Rebecca: So, the charge is that he's both individually criminally responsible and responsible as a matter of command responsibility for this program of unlawful deportation and transfer of children from occupied Ukrainian territories into the Russian Federation. Now, while the ICC let us know publicly that the arrest warrant has been issued, we don't have any more than that. We don't have the Prosecutor's application for the arrest warrant, that they would've made that would've been reviewed by the Court as it made this determination to issue the arrest warrant.
But I think what we can expect is that the ICC prosecution will have at a minimum as much as we've seen reported publicly about this program and, almost certainly a lot more as well. What we've seen reported publicly, a lot of it has come out of the work that was done by Yale's Humanitarian Research Lab, that did just this extraordinary sort of forensic detailing of digital evidence – open source intel, user-generated evidence that Ukrainian families had been putting onto social media – geolocation of the sites of transportation that the children were taken to, to really put together a narrative of this program. And then what I think is helpful, to everybody involved in seeking accountability for this program, is that Vladimir Putin himself and his Children's Commissioner have been very public about this program. They haven't been trying to hide it. There have been multiple press, opportunities where they have discussed this, and so I think we can be confident even without seeing the prosecutor's application, that there is a lot of evidence to back this up.
Paras: What does this mean in terms of the development of an ICC case?
Rebecca: So, what it means for the Chamber to have issued this arrest warrant is that they have been satisfied that the Prosecutor's application shows that there are quote unquote, “reasonable grounds” to believe that that Putin is criminally responsible for the charges that had been made against him.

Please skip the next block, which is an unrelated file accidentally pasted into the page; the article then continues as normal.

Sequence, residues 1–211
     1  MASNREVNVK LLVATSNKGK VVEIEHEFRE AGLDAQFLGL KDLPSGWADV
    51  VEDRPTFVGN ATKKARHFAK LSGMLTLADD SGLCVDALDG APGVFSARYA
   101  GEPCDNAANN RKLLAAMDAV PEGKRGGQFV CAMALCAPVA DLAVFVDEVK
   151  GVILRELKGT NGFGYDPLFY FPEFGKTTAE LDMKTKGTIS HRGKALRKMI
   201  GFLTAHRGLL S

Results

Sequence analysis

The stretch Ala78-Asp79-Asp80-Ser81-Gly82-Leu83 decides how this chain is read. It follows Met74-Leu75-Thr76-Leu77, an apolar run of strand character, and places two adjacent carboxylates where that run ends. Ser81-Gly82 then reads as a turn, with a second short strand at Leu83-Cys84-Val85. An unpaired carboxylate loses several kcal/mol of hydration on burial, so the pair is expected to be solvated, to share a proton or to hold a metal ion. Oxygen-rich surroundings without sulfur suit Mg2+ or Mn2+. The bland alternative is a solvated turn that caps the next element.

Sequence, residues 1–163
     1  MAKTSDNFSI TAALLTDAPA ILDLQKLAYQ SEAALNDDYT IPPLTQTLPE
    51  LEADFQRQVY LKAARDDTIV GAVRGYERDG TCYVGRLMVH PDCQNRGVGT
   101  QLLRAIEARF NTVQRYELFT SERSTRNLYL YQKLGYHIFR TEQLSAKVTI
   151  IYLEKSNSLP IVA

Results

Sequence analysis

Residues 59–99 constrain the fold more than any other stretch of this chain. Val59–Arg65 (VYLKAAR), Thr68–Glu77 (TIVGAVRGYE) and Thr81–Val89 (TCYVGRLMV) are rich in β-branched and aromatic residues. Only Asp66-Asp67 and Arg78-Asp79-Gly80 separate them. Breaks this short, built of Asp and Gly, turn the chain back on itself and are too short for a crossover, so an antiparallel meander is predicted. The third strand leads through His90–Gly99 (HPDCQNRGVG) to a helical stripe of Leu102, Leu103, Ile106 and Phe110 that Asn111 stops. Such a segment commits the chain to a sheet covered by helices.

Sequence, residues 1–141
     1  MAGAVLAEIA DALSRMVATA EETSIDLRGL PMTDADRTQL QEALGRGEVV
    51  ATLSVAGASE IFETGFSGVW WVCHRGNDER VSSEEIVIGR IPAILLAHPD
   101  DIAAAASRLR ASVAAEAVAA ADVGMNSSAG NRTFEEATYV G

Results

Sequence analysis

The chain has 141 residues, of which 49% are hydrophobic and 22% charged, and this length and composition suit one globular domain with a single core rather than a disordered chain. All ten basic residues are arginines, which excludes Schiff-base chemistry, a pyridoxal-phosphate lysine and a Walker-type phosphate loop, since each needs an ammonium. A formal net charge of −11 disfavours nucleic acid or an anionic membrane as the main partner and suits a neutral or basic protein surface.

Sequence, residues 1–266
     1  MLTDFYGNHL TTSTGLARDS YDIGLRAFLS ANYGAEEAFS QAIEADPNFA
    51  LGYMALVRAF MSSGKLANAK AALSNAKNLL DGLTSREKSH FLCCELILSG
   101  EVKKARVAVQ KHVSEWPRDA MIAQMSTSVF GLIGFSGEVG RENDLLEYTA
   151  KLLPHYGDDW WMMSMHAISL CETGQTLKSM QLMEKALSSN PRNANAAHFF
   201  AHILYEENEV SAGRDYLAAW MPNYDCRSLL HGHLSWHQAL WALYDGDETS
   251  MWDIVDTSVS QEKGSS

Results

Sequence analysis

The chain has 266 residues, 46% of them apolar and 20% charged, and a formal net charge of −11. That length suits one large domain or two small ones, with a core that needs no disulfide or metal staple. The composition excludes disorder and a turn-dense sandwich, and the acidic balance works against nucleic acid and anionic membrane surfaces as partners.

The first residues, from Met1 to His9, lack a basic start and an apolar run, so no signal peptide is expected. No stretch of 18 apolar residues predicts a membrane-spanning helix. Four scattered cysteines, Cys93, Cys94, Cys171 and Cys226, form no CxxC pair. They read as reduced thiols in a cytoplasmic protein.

But, that's just step one in the process, and so, in the eventuality that Putin is actually brought into custody, those charges will be confirmed by a Pre-Trial Chamber before they then move forward with the trial. So, there are many steps to go in the process, but I think in the short to medium term, it's going be less about those legal hurdles playing out in court because I don't think we're going see him in the dock in the short term and much more about what are the diplomatic, political, and symbolic ramifications of this decision.
Paras: You have seen a similar process play out from the inside at the Hague when you were a prosecutor at the International Criminal Court when it issued an arrest warrant for Sudan's President Omar al-Bashir. So, what is your impression of what was happening inside the court?
Rebecca: So, it will have been very, very much thought through, discussed, and debated the merits of deciding to make public, this issuance of the warrant. Because of course, the other option was that they could have issued it under seal, and you could have had Putin potentially traveled to a country that might have then arrested him.
But the Court was pretty clear in its statement announcing this, that one of the reasons they decided to make this public was the hope that it would deter from the continuation of this program. And I think that that's a sound decision. I mean, I don't think that at this point Putin himself is going to be deterred, but it takes a lot of people below Putin to run a program of the scale that this one seems to be with the deportation, the transfer, and then what seems to be the re-homing of these children with Russian families. And all of that depends on the people involved not fearing accountability for war crimes, which they hopefully will now fear, and it depends on the Russian families really believing that they are doing something in the best interest of these children, which the charges that have been brought really is a strong counter narrative to that. So I think it was important to get that message out, publicly and quickly, that the International Criminal Court is giving intense scrutiny to this program of deportation with very, very significant and lifelong implications for the children involved and for their families.
Paras: You mentioned at the top that these types of arrest warrants have a number of functions. Some of them are practical, actually trying to get the person who has been indicted in the Hague, but others are symbolic. So, what are some of those other functions that this arrest warrant is playing?